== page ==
India is a key market when it comes to trade and will become even more important once the United Kingdom leaves the European Union, according to the head of the British deputy high commission to Chandigarh.
Andrew Ayre has been leading a trade delegation of 17 Indian business people around Yorkshire to look at investment and business opportunities.
My Ayre told The Yorkshire Post: “Trade as it currently stands is around £5bn per year. Around two thirds of that is Indian exports to the United Kingdom and around one third of that is UK exports to India.
“We’re trying to build on that. That is the whole reason why we are there.
“Clearly, India is going to be a key market in the future. It’s a key market now. It will become even more important once the United Kingdom leaves the European Union.”
The Yorkshire Asian Business Association (YABA) helped organise the trip, which saw the delegation visit aql’s data centre in Leeds, the Advanced Manufacturing Park in Sheffield and Sound Leisure, a Leeds-based company that recently began to trade in India.
Mr Ayre believes that Yorkshire’s Indian diaspora will be a key element in Britain’s attempts to establish a ‘living bridge’ partnership. A term which Indian Prime Minister Narendra Modi used to refer to the movement of people, ideas, goods and services from India to the UK and back.
He said: “Asian businesses are traditionally strong here. They employ a lot of people. They are traditionally successful. They also provide this ‘living bridge’.”
Mr Ayre added that the diaspora is “a catalyst for what we are trying to achieve”, in boosting trade and investment between Britain and India.
The diaspora’s ability to speak the language can also help businesses, that are not necessarily South Asian, take advantage of opportunities in the subcontinent.
Brexit has led to some uncertainty around Britain’s future trade relationships but the vote to leave the EU has not dampened the appetite of Indian businesses to deal with the UK.
Mr Ayre said: “What is absolutely clear with or without Brexit is that India will be a very, very important market for the UK.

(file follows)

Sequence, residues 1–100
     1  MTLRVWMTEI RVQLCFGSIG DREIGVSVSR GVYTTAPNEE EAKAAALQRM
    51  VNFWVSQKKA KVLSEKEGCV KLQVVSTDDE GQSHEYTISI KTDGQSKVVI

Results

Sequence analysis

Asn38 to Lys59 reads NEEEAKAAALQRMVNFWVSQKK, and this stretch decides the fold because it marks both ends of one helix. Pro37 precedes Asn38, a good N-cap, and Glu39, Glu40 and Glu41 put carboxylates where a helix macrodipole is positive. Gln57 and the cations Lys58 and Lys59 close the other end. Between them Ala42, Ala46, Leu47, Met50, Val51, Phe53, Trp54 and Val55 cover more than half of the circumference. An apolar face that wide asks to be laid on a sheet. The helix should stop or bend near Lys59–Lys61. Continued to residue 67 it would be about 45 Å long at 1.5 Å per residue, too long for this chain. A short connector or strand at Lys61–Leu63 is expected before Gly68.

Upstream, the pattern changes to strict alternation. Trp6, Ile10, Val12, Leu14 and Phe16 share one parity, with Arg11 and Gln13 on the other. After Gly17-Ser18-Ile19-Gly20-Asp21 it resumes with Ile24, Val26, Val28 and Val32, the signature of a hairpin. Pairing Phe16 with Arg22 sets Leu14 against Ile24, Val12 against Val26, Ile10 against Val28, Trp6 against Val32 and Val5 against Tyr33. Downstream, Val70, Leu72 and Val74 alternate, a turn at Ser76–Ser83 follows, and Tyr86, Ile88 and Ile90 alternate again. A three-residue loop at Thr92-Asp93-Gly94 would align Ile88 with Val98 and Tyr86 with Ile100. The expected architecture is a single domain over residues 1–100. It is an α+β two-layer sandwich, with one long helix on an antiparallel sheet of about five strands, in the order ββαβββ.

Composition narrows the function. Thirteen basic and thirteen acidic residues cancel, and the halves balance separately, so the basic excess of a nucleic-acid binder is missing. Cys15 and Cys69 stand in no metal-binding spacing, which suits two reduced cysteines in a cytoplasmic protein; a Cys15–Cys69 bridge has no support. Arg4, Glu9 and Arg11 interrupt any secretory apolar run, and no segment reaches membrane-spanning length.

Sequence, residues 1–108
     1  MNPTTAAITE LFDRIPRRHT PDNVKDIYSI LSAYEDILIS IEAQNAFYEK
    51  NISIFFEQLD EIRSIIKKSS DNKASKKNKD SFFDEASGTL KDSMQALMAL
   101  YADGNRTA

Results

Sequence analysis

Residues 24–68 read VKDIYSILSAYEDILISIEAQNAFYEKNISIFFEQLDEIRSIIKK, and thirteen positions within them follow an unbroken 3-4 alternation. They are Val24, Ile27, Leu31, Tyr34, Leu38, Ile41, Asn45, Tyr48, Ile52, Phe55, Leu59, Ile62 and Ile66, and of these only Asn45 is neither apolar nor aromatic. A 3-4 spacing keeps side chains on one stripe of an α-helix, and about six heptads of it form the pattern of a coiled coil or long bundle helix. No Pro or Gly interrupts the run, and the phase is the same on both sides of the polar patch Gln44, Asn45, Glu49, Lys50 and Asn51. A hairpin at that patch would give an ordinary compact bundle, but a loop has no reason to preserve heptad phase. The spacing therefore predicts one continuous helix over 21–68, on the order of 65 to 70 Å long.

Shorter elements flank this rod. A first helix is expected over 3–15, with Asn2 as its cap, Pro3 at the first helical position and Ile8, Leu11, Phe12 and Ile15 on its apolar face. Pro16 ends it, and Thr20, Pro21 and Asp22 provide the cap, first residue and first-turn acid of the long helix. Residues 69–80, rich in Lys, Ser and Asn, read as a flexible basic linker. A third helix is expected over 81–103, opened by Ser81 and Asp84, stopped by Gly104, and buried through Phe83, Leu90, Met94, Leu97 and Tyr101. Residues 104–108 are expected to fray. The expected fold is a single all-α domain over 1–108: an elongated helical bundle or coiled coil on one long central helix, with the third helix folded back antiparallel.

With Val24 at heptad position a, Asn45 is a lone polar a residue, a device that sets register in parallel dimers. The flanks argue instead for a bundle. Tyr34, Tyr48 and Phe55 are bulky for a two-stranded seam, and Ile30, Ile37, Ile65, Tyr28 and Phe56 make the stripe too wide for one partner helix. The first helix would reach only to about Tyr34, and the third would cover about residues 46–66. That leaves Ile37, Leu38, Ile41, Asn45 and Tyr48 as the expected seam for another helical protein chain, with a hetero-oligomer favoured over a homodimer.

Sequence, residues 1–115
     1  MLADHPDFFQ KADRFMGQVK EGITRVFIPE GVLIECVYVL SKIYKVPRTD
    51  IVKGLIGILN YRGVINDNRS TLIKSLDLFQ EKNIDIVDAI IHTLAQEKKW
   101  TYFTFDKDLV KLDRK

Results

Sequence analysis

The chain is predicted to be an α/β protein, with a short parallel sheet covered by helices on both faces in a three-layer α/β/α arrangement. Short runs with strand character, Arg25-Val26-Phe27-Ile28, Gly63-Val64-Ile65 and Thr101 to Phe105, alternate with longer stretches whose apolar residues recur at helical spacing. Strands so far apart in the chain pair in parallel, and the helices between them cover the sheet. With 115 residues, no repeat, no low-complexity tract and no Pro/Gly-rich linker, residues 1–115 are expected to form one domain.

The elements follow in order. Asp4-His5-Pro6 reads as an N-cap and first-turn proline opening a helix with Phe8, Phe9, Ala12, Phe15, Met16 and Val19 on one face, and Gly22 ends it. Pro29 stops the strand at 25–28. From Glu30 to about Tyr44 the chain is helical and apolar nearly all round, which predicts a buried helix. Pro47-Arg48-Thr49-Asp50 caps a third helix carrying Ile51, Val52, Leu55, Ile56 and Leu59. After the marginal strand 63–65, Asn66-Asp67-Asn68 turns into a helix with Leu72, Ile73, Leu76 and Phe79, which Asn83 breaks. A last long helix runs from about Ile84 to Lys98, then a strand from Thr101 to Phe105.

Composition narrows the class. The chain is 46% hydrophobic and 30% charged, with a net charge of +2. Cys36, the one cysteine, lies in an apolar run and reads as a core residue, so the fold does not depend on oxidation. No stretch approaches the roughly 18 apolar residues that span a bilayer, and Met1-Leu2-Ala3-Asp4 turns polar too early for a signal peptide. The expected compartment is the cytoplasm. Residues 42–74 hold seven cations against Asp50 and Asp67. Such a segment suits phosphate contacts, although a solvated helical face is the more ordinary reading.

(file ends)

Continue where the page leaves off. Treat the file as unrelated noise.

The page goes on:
“Indian investment is largely based on coming here to do business in the UK. Around 80 per cent of it, we estimate, is to invest in the UK.
“Clearly, the other 20 per cent, which is using the United Kingdom as a base for trading with the rest of Europe, will be watching those negotiations.
“But let’s be clear about the Government’s objective here and that is the broadest possible trading relationship with the European Union after we leave the EU.”
One of the businessmen on the trade delegation was I.P Singh, CEO and founder of Chandigarh-based real estate company Chadha Realtors.
This was his second trade visit to the UK and Mr Singh says he has received a better reception.
He said: “I came here last year also and this year I can feel the difference. You can actually see the focus of the Government, you can see what they want to do.
“This time we’re getting a lot of response, wherever we’re going we’re meeting the right people. If this carries on then it’s definitely going to mean more business.”
The majority of the trade delegation was from the IT sector. Ketan Sharma, CEO of It consultancy InvertedI, was impressed with aql’s data. While Dr Sandeep Jassal, founder and managing director of LiveLifeMore, was keen on exploring the collaboration opportunities with other medical technology firms and the NHS.
Mr Ayre refused to speculate on the issue of freedom of movement. However, he said “the UK is open for business”.
“The number of visas that we issued clearly proves that Indians believe it’s open for business and we welcome that,” Mr Ayre added.
Last year 9 per cent more visas to Indian nationals to come here to visit and to do business were issued compared to the previous year and 27 per cent more visas to students were issued in 2017.
Chandigarh is the capital of the state of Punjab, in Northern India.